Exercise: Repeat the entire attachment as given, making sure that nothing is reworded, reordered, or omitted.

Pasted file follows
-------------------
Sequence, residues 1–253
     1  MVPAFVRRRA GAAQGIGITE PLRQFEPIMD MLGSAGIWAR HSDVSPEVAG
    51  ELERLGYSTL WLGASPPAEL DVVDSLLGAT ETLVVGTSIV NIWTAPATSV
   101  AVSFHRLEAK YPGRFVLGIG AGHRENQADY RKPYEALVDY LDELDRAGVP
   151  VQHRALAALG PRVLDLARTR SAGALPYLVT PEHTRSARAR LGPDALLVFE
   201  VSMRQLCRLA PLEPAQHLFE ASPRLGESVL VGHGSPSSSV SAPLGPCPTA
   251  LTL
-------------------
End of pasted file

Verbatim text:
Sequence, residues 1–253
     1  MVPAFVRRRA GAAQGIGITE PLRQFEPIMD MLGSAGIWAR HSDVSPEVAG
    51  ELERLGYSTL WLGASPPAEL DVVDSLLGAT ETLVVGTSIV NIWTAPATSV
   101  AVSFHRLEAK YPGRFVLGIG AGHRENQADY RKPYEALVDY LDELDRAGVP
   151  VQHRALAALG PRVLDLARTR SAGALPYLVT PEHTRSARAR LGPDALLVFE
   201  VSMRQLCRLA PLEPAQHLFE ASPRLGESVL VGHGSPSSSV SAPLGPCPTA
   251  LTL